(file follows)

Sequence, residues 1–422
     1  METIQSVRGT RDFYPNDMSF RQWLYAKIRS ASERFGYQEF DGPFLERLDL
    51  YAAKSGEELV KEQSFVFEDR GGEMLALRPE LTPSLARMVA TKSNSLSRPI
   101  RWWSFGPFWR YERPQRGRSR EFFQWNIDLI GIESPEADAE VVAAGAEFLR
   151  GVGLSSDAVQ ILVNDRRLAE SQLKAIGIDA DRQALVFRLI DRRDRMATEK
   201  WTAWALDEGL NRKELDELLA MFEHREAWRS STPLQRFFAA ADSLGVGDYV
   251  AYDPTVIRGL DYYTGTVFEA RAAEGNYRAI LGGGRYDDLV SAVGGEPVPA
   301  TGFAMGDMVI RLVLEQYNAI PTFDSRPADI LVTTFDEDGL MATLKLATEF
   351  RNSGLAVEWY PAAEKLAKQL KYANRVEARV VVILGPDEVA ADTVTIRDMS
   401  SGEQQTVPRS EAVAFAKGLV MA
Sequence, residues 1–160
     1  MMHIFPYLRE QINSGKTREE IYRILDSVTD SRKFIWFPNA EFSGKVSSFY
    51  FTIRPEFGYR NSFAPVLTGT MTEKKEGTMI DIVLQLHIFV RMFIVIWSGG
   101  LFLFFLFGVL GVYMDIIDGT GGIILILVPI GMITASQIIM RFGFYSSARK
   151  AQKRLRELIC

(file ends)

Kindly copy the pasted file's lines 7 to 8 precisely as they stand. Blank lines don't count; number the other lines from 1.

   251  AYDPTVIRGL DYYTGTVFEA RAAEGNYRAI LGGGRYDDLV SAVGGEPVPA
   301  TGFAMGDMVI RLVLEQYNAI PTFDSRPADI LVTTFDEDGL MATLKLATEF